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Assessing dietary exposure to cadmium in a metal recycling community in Vietnam: Age and gender aspects

Minh, Ngo Duc, Hough, Rupert Lloyd, Thuy, Le Thi, Nyberg, Ylva, Mai, Le Bach, Vinh, Nguyen Cong, Khai, Nguyen Manh, Öborn, Ingrid
The Science of the total environment 2012 v.416 pp. 164-171
World Health Organization, adults, body weight, cadmium, dietary exposure, food frequency questionnaires, gender, recycling, rice, risk, spinach, staple foods, villages, Vietnam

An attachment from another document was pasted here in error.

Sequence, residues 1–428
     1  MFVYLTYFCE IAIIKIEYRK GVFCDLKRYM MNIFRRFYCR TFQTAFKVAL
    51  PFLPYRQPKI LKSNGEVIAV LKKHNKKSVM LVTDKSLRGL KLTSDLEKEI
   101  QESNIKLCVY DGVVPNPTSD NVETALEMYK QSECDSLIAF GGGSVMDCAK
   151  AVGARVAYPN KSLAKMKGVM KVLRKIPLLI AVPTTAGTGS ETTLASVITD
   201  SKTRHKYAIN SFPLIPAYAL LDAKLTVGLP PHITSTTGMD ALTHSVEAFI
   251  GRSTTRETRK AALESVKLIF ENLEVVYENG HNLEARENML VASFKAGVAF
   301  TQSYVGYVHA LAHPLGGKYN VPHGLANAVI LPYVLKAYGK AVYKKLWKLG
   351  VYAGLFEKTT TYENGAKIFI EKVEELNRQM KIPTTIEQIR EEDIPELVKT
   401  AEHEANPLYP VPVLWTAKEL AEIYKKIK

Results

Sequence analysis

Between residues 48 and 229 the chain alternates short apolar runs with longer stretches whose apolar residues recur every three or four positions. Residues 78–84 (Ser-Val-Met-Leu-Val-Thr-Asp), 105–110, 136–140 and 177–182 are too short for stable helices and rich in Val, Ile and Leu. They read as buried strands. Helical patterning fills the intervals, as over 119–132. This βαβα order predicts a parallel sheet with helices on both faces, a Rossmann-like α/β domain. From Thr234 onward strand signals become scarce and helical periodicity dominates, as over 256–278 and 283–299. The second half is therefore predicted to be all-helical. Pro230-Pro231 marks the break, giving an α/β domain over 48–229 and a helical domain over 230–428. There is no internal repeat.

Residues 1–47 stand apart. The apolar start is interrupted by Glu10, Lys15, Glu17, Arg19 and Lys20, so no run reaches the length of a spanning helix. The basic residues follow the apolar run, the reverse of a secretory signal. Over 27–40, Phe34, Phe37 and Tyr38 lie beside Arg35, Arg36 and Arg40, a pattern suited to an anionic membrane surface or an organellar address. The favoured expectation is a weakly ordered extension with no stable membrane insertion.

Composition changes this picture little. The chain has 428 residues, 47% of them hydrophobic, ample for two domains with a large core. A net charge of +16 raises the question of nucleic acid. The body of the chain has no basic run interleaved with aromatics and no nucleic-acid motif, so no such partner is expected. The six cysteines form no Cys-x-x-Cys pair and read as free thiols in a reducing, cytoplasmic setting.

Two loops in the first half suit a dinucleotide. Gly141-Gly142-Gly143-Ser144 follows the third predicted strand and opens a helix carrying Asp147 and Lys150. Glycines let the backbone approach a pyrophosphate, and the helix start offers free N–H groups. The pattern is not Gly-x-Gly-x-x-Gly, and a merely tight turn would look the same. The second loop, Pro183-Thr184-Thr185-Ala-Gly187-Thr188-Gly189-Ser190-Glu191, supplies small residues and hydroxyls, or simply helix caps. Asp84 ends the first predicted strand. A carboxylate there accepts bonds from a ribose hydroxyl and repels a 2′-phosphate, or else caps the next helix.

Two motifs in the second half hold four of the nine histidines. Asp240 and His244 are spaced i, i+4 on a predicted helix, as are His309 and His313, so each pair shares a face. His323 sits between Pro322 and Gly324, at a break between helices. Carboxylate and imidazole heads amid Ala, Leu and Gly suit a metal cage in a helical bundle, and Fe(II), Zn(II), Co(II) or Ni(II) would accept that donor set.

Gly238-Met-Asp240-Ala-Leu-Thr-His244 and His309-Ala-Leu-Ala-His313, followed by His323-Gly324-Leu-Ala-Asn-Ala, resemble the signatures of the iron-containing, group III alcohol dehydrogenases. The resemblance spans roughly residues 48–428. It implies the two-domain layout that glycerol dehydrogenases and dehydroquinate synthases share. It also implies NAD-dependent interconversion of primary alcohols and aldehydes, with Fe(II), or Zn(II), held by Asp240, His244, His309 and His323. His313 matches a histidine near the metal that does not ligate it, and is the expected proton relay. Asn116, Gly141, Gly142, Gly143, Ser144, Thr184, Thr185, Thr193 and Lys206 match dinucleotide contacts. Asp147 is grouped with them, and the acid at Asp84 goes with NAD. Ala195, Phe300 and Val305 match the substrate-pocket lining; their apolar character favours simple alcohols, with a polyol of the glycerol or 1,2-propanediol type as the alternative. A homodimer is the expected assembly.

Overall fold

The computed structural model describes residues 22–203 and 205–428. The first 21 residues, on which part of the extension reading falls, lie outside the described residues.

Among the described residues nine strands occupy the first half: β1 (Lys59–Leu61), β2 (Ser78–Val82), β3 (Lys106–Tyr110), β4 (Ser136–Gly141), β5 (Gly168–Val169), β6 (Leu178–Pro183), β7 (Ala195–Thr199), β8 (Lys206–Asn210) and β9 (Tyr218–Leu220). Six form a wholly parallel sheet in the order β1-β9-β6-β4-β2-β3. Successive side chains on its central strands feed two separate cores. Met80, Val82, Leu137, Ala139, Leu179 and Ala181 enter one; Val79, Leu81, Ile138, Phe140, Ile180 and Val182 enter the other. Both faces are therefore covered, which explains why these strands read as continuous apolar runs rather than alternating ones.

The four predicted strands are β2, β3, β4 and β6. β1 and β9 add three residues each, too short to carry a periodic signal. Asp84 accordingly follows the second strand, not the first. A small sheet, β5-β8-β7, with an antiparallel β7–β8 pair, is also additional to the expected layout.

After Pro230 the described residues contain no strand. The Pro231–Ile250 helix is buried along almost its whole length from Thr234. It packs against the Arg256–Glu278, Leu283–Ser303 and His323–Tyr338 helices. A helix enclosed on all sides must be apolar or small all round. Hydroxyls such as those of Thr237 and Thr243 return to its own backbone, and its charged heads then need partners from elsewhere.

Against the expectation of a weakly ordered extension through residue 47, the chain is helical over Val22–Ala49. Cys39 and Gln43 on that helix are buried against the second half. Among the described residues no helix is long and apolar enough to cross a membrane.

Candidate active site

This study estimates the dietary exposure to cadmium (Cd), and associated potential health risks, for individuals living and working in a metal recycling community (n=132) in Vietnam in comparison to an agricultural (reference) community (n=130). Individual-level exposure to Cd was estimated through analysis of staple foodstuffs combined with information from a food frequency questionnaire. Individual-level exposure estimates were compared with published ‘safe’ doses to derive a Hazard Quotient (HQ) for each member of the study population. Looking at the populations as a whole, there were no significant differences in the diets of the two villages. However, significantly more rice was consumed by working age adults (18–60years) in the recycling village compared to the reference village (p<0.001). Rice was the main staple food with individuals consuming 461±162g/d, followed by water spinach (103±51kg/d). Concentrations of Cd in the studied foodstuffs were elevated in the metal recycling village. Values of HQ exceeded unity for 87% of adult participants of the metal recycling community (39% had a HQ>3), while 20% of adult participants from the reference village had an HQ>1. We found an elevated health risk from dietary exposure to Cd in the metal recycling village compared to the reference community. WHO standard of 0.4mg Cd/kg rice may not be protective where people consume large amounts of rice/have relatively low body weight.